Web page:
US imposes anti-dumping duties on China

Himalayan News Service

Washington, July 7

The US has imposed punitive duties on shrimp imports from China and Vietnam, saying that the two countries have dumped cheap frozen and canned shrimp and prawns on its market.

The move yesterday came after a preliminary finding of the US commerce department had confirmed that China and Vietnam were exporting shrimps and prawns below the domestic prices. The department is also expected to make a separate determination later this month on whether sanctions could be imposed on shrimp imports from India, Thailand, Brazil and Ecuador. The ruling affects about one billion dollars worth of imports from China and Vietnam.

The duties will range from 7.67 per cent to 112.81 per cent on shrimp from China and between 12.11 per cent and 93.13 per cent on imports from Vietnam. China and Vietnam were considered separately because they are not free market-based economies, department sources said.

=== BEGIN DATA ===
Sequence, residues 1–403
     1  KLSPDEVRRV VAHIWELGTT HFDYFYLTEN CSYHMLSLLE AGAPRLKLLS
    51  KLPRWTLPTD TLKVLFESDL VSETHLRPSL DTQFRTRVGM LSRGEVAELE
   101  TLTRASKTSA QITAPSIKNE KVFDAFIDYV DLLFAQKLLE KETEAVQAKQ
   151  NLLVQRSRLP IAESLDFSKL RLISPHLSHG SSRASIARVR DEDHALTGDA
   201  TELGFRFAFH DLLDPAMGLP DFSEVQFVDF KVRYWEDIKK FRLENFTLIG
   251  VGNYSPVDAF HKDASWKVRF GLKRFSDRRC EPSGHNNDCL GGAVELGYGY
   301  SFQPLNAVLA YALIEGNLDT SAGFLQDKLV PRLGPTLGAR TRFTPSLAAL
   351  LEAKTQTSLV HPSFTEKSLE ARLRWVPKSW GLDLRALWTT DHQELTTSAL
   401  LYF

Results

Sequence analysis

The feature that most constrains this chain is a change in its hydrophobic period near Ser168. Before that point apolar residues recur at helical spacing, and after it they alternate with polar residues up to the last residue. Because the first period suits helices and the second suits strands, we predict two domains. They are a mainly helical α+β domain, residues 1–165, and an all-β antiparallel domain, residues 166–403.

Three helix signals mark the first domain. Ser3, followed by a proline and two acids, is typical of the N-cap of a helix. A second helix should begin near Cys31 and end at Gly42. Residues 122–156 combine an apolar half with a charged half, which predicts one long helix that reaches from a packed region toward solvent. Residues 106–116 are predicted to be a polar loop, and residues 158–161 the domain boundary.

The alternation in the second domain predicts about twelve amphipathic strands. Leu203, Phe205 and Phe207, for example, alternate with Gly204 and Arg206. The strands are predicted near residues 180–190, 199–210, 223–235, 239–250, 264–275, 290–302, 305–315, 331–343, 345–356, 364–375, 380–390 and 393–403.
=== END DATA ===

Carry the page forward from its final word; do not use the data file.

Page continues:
In 2003, US imports of shrimp and prawn from China amounted to $419.3 million and from Vietnam $587.7 million. The department’s action followed a petition by the Southern Shrimp Alliance, a group of shrimpers from eight southern states, seeking duties on shrimp from the six nations, including India. Claiming that it has been struggling from rock-bottom prices since 2001, the alliance filed the anti-dumping petition on December 31. Dumping is the import of goods at a price below the home-market or a third-country price or below the cost of production. Although the alliance demanded duties for shrimp and prawns from Brazil, China, India, Thailand and Vietnam Eddie Gordon welcomed the decision.